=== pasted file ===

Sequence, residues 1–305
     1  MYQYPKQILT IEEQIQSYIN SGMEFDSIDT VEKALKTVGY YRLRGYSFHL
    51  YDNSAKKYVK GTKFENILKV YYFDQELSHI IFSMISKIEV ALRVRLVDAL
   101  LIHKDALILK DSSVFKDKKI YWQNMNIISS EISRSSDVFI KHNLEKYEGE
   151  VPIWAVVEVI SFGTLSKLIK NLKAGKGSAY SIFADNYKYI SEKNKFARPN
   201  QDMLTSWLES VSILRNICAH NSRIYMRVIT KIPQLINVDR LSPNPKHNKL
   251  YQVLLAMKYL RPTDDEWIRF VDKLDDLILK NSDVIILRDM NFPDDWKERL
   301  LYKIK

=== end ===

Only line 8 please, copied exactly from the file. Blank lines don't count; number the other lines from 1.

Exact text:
   301  LYKIK